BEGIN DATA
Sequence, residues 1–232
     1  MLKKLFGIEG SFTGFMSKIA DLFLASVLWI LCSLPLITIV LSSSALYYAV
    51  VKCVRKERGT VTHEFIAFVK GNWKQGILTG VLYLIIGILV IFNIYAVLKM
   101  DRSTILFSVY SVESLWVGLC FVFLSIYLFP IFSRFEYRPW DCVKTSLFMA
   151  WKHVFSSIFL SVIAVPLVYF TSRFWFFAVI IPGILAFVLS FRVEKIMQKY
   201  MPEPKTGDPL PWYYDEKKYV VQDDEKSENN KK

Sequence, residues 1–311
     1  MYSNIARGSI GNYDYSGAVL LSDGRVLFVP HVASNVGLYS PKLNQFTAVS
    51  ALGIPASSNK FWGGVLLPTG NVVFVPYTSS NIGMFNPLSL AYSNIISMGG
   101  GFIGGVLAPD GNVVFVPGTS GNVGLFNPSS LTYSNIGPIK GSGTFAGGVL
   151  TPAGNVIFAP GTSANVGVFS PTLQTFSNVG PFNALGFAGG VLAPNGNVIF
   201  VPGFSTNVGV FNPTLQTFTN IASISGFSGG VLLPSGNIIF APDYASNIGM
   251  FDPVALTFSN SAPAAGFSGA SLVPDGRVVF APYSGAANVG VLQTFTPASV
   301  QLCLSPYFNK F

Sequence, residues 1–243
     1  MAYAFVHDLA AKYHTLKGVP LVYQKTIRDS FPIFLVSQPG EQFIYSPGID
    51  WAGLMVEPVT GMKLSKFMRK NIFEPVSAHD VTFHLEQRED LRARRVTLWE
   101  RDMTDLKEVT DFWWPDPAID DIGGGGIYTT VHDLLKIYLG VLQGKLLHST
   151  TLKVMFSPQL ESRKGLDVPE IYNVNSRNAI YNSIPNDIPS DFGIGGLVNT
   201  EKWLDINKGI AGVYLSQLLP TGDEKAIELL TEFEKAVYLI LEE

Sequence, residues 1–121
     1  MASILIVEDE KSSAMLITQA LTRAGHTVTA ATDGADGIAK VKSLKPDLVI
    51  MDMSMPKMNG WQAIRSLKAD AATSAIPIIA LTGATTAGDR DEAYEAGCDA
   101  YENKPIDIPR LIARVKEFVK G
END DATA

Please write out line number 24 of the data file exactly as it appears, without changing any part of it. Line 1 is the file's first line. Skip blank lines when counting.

   101  YENKPIDIPR LIARVKEFVK G